Margery de Narford was a young heiress whose attempt to divorce her husband resulted in her abduction.
She was born in 1358 as the only child and heir of John de Narford (1295-1363) and his wife Agnes de Bereford (1300-60). Thomas was the son of Thomas de Narford (d.1344) and his wife Alice (d.1394), who married secondly John de Neville in June 1345. Thomas was the son of William de Narford and his wife Petronilla de Vaux, who was the daughter and co-heiress of her father John de Vaux (d.1288).
Narford Hall,, Norfolk
Margery de Narford was an incredibly wealthy woman; she had inherited through the descent of her great-grandmother Petronilla; Narford Manor, which had been in John de Vaux's holdings since at least 1275, as well as Shottesham in Henstead, the moieties of Holt and Cley, the whole advowson of Holt, with diverse knights fees in Thorpe, Winch, Beechamwell, Thurneton and Mourningthorpe. However in 1394 Narford Manor was given by Margery to the descendants of her sister and co-heir Maud, who had married Lord Roos. Margery also inherited the Narford family home of Panworth Hall.
John de Braose
Margery had been the ward of John de Braose's father Peter de Braose/de Brewes since 1363 when she was five years old as both of her parents had died, leaving her an orphaned heiress. As Peter's ward she was then betrothed to his son and heir John in 1364.
Margery was not pleased by this contract of marriage and wanted it broken off. Margery left de Braose family home of Wiston Manor in Sussex and went to the London home of her grandmother Alice, Lady Neville. In 1378 Margery de Narford made an appeal to the Papal courts to grant her a divorce from her husband, John de Braose.
John would not agree to the annulment; it would mean that he would lose the property and wealth that Margery brought to the marriage as well possibly some of his own inherited wealth.
John enlisted the help of his maternal cousins Sir Robert Howard and Thomas Howard to abduct the young Margery from her grandmother's house; in order to stop the appeal for divorce by objecting to the proceedings while his wife would be unable to make her case in person, and therefore the case would be dismissed.
Robert Howard took Margery firstly along the Thames to the Bishop of Norwich's house in Chelsea, where Howard hid with her, and later she was moved to several different houses in multiple counties to avoid capture.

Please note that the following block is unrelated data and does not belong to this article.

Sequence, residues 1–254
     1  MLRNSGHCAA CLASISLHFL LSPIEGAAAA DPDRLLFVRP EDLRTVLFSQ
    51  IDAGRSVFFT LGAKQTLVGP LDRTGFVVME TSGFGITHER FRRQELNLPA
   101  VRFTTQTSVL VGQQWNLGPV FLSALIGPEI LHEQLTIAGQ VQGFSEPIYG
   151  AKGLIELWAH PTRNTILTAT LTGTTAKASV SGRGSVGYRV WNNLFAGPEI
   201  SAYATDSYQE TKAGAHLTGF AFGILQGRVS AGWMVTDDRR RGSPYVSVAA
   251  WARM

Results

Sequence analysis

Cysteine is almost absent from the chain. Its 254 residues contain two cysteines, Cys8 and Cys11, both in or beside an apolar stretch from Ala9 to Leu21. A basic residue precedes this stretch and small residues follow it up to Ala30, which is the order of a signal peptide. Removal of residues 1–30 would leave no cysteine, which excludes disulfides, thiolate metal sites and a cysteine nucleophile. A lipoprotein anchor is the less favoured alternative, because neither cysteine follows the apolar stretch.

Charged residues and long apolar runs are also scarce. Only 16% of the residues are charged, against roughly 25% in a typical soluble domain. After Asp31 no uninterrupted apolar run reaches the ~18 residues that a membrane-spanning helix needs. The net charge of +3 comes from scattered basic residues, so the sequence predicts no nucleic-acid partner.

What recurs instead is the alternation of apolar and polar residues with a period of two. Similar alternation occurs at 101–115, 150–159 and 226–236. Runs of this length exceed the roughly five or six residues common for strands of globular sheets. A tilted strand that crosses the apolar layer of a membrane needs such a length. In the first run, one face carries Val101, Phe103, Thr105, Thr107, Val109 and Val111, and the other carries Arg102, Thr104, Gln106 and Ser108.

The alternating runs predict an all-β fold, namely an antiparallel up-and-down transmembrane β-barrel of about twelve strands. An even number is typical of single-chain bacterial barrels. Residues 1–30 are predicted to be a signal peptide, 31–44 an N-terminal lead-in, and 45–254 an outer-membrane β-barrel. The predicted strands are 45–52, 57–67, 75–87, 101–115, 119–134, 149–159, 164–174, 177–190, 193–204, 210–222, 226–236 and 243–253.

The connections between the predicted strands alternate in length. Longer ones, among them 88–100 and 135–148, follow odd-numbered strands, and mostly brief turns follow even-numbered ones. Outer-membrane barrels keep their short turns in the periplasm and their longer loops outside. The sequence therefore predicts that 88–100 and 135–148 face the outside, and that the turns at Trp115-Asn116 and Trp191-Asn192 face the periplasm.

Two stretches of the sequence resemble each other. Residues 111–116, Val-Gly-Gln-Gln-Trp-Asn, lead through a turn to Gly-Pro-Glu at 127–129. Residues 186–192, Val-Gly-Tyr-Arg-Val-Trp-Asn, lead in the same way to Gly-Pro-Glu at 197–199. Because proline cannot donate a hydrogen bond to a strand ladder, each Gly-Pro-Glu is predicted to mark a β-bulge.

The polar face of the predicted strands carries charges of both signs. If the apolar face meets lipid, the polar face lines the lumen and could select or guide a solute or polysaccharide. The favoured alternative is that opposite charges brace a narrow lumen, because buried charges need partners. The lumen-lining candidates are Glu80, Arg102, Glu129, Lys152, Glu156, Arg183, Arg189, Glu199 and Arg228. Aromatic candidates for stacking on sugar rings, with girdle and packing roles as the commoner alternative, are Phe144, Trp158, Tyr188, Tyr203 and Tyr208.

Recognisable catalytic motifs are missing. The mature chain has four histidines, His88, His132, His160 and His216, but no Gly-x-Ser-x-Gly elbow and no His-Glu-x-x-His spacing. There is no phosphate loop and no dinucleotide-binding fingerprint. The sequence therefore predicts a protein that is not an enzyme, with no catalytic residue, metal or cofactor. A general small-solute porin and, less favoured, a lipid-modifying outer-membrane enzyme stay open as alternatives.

Alice, Lady Neville was outraged at the kidnapping of her granddaughter and she petitioned the King and Parliament to find Margery and punish those who had had a hand in her abduction. Fortunately action was taken and warrants for the arrests of the participants in the crime were made. Parliament also recognised that John de Braose would probably continue to force Margery to remain as his wife and that her life was at possible risk; court protection orders were made for Margery throughout the following two years to protect her from her husband.
Robert Howard was arrested by Sir John Le Strange on his first royal commission after recently being knighted. Howard was sent to the Tower of London for several months. He was bound under recognizances to do no harm to Lady Neville of his captor Sir Le Strange. This case was brought to the attention of Parliament, however it does not seem that there was much punishment inflicted onto Howard as by the following year he is back integrated into court life. In fact, soon after Richard the Earl of Arundel has both Robert Howard and John Le Strange act as witnesses to a transaction of his.
Robert Howard became involved in this affair as it is possible he was the cousin or uncle of John de Braose through John's mother Joan Howard. Robert (1336-88) was the son of Sir John Howard, Admiral of the Navy, and his wife Alice De Bois and therefore was a direct descendant of King John of England. He married Margery Scales (1339-1416) and had five children.
Margery was successful in obtaining her divorce from John, as records show that by 1383 Margery was alone in dealing with her financial affairs.
John de Braose married a second time to Margaret Poyntz.
In 1394 when Alice, Lady Neville died she bequeathed to her granddaughter Margery; the furniture of her chapel, several silver utensils and all her goods and chattels living and dead in her manor of Panworth in Norfolk.
Perhaps due to this ordeal at such a young age, Margery took a vow of chastity and never married. She died in 1417 and her cousin Lord Cobham was her heir.